Shipping piracy report – May 2013
While the shipping industry celebrates a year without a successful hijacking off the coast of Somalia, events off Western Africa and a potential link with terrorism have triggered concern. In partnership with OceanusLive, Ship-technology.com covers the latest incidences and the international response to piracy.
Dwindling pirate activity off the coast of Somalia and the Gulf of Aden only serves to highlight the severity of spiralling incidents off the coast of Western Africa and in South East Asia.
Initiatives such as the international questioning of suspected pirates and rehabilitation programmes, coupled with international intervention in the reconstruction of Somalia after nearly 20 years of conflict, is beginning to bear fruit.
The same cannot, however, be said of the situation off the coast of Nigeria, Togo and Lome, which is now the cause for considerable alarm.
Anniversary of last successful hijacking passes
The international shipping community had an anniversary to celebrate in late April, with it being a year since the last successful hijacking by Somali pirates. There was also cause for celebration with the news that six crew from the Danish cargo vessel MV Leopard - four Filipinos and two Danish sailors - were released from Somalia after more than two years in captivity.
The successful combating of piracy in Somalia is being credited to a number of initiatives designed to target one of the root causes of the problem; poor infrastructure in Somalia.
During the Somalia Conference held at Lancaster House in London on 7 May 2013, UK Prime Minister David Cameron announced a £10m investment to improve radio communications on the Somali coast with the direct aim of helping combat piracy. The announcement comes as the UK begins to become increasingly involved with the reconstruction of Somalia, starting with the election of a new, more legitimate parliament for the country.
There has also been considerable success in the rehabilitation of young pirates caught by security forces. More than 200 young pirates have successfully completed a three-month rehabilitation programme and are now set to pursue legitimate careers, with some expressing a desire to move into fishing, while others wish to join the Somali armed forces. Formal military training has been offered.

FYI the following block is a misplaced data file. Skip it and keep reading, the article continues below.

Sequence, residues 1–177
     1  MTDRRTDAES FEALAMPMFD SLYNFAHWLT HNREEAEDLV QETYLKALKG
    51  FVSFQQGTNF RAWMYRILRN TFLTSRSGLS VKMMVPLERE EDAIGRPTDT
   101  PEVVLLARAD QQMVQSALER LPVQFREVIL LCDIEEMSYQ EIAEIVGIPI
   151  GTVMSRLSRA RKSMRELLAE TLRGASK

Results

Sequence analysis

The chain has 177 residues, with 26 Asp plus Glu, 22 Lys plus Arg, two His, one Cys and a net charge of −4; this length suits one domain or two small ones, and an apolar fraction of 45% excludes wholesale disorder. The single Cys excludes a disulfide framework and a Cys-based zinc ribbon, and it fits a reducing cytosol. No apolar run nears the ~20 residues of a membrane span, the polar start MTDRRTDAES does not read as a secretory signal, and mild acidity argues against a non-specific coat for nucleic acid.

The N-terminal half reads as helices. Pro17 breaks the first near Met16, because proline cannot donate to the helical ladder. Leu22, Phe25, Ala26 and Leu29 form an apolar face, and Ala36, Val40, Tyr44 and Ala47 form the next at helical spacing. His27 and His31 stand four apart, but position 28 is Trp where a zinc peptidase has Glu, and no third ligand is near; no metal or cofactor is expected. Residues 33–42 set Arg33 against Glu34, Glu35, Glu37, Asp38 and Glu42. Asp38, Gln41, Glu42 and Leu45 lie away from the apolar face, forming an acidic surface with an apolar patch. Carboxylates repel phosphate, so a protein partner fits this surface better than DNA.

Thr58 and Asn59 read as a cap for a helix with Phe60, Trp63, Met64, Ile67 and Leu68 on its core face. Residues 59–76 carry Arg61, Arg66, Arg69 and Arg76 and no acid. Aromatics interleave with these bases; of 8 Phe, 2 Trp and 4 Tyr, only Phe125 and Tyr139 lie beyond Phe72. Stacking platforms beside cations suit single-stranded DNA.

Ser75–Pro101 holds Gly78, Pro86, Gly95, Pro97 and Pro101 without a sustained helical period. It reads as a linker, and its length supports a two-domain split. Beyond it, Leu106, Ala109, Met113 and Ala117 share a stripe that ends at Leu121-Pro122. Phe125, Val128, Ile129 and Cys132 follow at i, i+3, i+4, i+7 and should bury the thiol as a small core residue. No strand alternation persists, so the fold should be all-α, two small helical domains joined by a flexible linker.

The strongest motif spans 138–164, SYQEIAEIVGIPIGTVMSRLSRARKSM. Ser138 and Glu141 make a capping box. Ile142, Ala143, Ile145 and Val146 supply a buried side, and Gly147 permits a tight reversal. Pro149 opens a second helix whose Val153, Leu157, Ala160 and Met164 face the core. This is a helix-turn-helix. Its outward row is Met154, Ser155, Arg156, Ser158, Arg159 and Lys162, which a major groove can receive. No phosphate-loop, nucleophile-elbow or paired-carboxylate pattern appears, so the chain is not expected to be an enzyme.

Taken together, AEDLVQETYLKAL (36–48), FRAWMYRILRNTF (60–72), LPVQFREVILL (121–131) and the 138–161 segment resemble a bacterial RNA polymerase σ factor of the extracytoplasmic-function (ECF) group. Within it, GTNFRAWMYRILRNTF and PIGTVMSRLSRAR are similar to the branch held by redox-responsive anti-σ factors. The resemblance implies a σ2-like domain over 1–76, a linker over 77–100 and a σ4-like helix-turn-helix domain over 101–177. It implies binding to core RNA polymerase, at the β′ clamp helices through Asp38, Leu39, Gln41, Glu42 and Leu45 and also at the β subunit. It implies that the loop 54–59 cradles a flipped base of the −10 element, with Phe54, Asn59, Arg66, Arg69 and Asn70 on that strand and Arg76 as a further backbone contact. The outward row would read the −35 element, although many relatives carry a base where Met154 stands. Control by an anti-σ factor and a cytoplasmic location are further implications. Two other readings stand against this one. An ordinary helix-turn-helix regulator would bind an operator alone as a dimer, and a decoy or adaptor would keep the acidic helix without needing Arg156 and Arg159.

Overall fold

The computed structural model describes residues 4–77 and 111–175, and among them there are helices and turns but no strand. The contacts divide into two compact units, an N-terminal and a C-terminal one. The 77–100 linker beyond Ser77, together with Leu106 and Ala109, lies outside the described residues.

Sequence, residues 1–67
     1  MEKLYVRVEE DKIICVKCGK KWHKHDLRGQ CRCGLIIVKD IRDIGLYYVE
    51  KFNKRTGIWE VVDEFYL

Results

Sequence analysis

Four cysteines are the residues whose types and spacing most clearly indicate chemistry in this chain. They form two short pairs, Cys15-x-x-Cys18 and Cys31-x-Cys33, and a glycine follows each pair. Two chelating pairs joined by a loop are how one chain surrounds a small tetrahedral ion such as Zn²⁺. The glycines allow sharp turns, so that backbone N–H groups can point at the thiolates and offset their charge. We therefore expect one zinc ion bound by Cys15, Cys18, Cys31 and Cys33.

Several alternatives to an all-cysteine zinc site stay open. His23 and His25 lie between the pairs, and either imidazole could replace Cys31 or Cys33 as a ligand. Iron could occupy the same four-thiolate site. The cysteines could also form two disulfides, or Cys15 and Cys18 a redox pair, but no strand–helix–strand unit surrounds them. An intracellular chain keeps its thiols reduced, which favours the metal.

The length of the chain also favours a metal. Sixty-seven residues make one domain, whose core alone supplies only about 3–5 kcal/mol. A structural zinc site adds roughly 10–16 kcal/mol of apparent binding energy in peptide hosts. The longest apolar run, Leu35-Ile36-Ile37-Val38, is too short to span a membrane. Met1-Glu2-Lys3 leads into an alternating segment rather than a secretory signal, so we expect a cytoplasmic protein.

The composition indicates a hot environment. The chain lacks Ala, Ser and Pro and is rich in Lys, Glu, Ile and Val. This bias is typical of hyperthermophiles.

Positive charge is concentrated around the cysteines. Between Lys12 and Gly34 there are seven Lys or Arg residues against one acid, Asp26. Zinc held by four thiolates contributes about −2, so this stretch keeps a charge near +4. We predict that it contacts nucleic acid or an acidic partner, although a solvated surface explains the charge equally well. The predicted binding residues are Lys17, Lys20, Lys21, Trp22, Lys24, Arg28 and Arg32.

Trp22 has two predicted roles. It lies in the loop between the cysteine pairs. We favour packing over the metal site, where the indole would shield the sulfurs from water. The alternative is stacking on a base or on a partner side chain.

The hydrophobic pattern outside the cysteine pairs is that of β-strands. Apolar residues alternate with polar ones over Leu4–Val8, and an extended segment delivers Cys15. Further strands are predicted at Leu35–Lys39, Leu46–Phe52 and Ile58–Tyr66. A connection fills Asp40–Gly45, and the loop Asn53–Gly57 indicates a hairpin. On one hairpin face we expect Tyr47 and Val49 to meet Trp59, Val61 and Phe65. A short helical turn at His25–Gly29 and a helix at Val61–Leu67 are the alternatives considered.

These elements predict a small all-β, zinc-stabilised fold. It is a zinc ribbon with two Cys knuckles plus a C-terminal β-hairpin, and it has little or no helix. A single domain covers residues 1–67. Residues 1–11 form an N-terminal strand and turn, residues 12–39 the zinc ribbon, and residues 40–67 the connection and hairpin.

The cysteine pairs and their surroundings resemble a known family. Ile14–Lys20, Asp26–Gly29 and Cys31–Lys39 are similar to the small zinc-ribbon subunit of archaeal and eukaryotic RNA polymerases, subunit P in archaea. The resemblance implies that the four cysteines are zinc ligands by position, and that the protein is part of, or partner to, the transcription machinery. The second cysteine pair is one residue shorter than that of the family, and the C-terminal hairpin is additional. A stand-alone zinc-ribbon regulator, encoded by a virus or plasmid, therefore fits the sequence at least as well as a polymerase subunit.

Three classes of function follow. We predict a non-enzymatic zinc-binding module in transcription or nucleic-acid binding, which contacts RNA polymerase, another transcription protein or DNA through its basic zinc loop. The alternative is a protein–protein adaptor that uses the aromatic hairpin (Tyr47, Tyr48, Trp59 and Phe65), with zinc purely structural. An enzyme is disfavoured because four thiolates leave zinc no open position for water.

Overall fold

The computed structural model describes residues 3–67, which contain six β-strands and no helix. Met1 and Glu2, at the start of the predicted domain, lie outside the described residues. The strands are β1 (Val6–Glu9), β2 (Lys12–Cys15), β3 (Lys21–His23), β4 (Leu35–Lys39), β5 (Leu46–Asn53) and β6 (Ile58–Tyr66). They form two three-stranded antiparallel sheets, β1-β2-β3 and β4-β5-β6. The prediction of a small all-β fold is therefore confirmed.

The US is also contributing, with nearly $40m in additional funds earmarked to support development, stabilisation and security-sector reform in Somalia, adding to more than $1.5bn of assistance pledged to the country by the US since 2009.
US deputy secretary of state William Burns said: "The initial transition has come to an end, a newly elected government is firm in place, and dialogue about the future of Somalia is underway."
Suspicion does, however, remain in the country as to why the UK is becoming so involved with Somalia's reconstruction. Western nations are said to be uneasy of Turkey's influence in the region, with UK intervention considered part of an agenda to counter it. A greater cause for concern is, by a considerable distance, developments off the coast of Western Africa.
Piracy linked to funding of terrorism
In the absence of incidents of piracy off the coast of Somalia, cases continue to escalate off Nigeria, Togo and Lome. A German-owned container vessel was boarded by 14 armed pirates last week, capturing five sailors. The incident comes just days after a similar attack.
The increase has not gone unnoticed, both domestically and overseas. The Nigerian Oil Workers union has urged the government to adopt new strategies to tackle piracy and oil theft, whereas calls for the US to increase its intelligence-gathering capabilities in Africa 15-fold have also been heard.
The growing fear is that finances obtained through piracy are being used to fund terrorist activity conducted throughout Africa by Islamist extremist groups, particularly those operating in the Sahel desert region, such as al-Qaeda in the Islamic Maghreb, Ansar Al Dine and the Movement for Oneness and Jihad in West Africa.
Growing Islamist extremism in Africa will be of major concern for the US, particularly after last year's deadly attack on the US embassy in Benghazi, Libya, which resulted in the deaths of four employees, including the US Ambassador to Libya. An al-Qaeda cell was later blamed for the attack.
South-east Asia also a cause for concern
Piracy is also on the increase in south-east Asia, with a growing number of incidents of varying severity having taken place in recent weeks.
The robbery of a chemical tanker and a tug vessel was reported in the week ending 3 May 2013, with the crew of the tug vessel gagged and bound as pirates escaped.
Further robberies also reported include the theft of offshore installation parts, spare towing wire bridles and towing shackles from a carrier vessel off the coast of Indonesia.
Anti-piracy operations in South East Asia are being ramped up in the wake of increased pirate activity and the death of up to 32 fishermen off the coast of Bangladesh.
A recently released Maritime Bureau report reveals a startling trend: as attacks decrease, the hostage toll grows.